Architecture Categorization

This is a division of the architecture into areas, as a working space for the TAG.


This is not a formal document in any sense, nor a working draft of the W3C. It is a working space for the TAG. Like all categorizations it is to a certain extent arbitrary. The tree structure below does not in any way dictate an order of writing the documents. This is not a formal document. It is more like a group note-book. It changes continually.

$Id: toc.html,v 1.61 2002/06/06 17:33:46 ijacobs Exp $


Colored backgrounds indicate the type of resource being linked. These are the sorts of things which one should treat as homework before a discussion on the topic.

"@@" Means to be fixed. Numbered subsections indicate suptopics. Bullets indicate related material.

1. Introduction

The web is a medium through which people and machines communicate using shared langauges. Interoperability - the ability of different people and machines to communicate -- comes about thanks to shared, often standardized, specifications of languages. These web architecture documents, by putting the various specifications into relationship with each other, and answering some open questions between them, aim to give an overall understanding of the working of the web.

2. What does a URI identify?

The information space exists as a mapping between URIs and the things they identify.

  1. What you cannot assume (persistence, uniuqueness, etc; no peeking, etc,)
  2. With a #fragid (Save the fragid and hand it to whatever you get from the document)
  3. Without a #fragid: It depends on the scheme
    1. http: scheme - generic resources. General outline
      • Some modeling of relationships between specifiuc and general resources
    2. mailto: A generic concept of a mailbox, not a user action
    3. .... other schemes@@
    4. When to and when not to make a new URI scheme

3. How do we convey information?

A subset of URIs identify documents. We represent information using strings of bits. We make up representations - langauges - and write specs which explain what bits in that language mean, and we identifiy these languages with URI. The question becomes: What does a (MIME type, bits) pair mean?

  1. MIME type authorizes reader to infer meaning of bits
  2. The rest is specfic to MIME types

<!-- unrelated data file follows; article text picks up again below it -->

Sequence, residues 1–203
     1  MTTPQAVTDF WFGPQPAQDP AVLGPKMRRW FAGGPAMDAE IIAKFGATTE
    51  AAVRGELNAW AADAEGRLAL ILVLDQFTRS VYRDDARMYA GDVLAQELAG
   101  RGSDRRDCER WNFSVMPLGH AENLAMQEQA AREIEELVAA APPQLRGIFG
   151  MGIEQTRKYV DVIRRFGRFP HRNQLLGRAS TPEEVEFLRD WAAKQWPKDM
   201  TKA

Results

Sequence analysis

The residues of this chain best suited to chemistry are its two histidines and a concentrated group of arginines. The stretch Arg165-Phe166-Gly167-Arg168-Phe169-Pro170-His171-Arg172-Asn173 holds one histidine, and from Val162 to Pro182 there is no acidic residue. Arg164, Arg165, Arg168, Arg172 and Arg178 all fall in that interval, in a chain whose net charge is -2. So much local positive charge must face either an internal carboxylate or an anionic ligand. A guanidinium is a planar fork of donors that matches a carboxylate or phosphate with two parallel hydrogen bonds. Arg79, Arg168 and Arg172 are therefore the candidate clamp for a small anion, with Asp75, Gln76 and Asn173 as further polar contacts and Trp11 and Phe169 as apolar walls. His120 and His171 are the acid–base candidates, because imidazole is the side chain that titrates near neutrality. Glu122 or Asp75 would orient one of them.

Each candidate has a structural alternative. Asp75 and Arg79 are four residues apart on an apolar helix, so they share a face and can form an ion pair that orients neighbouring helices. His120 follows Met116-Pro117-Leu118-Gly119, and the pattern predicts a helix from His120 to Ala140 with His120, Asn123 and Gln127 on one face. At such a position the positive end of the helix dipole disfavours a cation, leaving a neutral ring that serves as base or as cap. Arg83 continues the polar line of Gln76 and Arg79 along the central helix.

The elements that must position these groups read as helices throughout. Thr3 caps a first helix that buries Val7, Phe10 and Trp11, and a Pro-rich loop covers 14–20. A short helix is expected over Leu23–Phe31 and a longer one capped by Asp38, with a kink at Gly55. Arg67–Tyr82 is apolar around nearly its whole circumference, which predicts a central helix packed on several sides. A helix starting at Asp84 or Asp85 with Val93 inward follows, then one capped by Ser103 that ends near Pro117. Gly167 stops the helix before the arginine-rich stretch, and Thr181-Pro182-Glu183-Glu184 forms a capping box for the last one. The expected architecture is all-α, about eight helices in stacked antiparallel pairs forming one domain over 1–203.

1. HTML, SVG - human readable documents
      1. Meaning is that one would expect an human to understand
      2. Principle: Separation of form and content; device independence; Acc'y.
    2. RDF - more formally defined semantics
      1. Specifiction of Property or Class defines semantics
    3. Generic XML - according to namespace of outer element
      1. Character encoding issues
      2. Mixed namesapces:
        1. plugins in graphic types
        2. template/function systems (XSLT, Xinclude,XQuery?)
        3. invariants - what can't an embedded thing change?
      3. Whether to give namespace as a MIME attribute
      4. XML Digital Signature: beware of attributing meaning
        1. External agreement defines the meaning of signature
        2. Beware apparent meaning and signature of not XML docs
      5. Common data types
        • Interpretation Properties
        1. Commonality agreed between RDF and XML
        2. Data type model in Web Ont
    4. Encrypted document
      1. After decryption, what is the result?
    5. Multipart (MIME or XML package or DIME)
      1. No meaning of attachments except as given in cover note
  3. Internationalization

4. State Transfer (title?)

How the illusion of the web is maintained using the Internet. HTTP is a protocol which allows state to be distributed across the Internet, giving certain guarantees of validity for that URI-document mapping

  1. "Snapshot mode" - the approximation of the web ignoring change
  2. HTTP as a protocol for implementation of REST
    1. Expiry, etc proxy rules and consistency (formal model?)
    2. Use and abuse of GET
      • Need or not for QUERY

5. What does a message mean?

All the above centers around the web as a space of things, and a quasi-static distribution of the state of those things. remote operations are considered only as a means to an end. However, remote operations surfcaed at the application level, as RPC or nor as Web Services, are important part of the Internet architecture. In this section, specs define protocols in terms of the contents of messages, just as above, specs define the content of documents in terms of message protocols.

  1. general concept of message (sender, recipient, datetime, document)
  2. RFC822-style messages
    1. Resolution of semantics of existing headers (possible?)
      • Formal model?
      • Practical syntax of To: headers, etc?
    2. Extensions
    3. Whether to extend headers or enclose richer message format
  3. HTTP as a protocol for messages
  4. Web services messages
    1. Use of XML as message rather than document
    2. Mapping XML Protocol to other RPC systsems - CORBA etc
    3. Meaning of messages in context of others
      • Modeling protocols (WSCL etc etc)

    4. meaning of a message with Routing information
    5. meaning of a message with @@@
  5. Protocol analysis
  6. What is the meaning of an attachment in email?

    (DIME or multipart-related: nothing unless referred to in the cover note)

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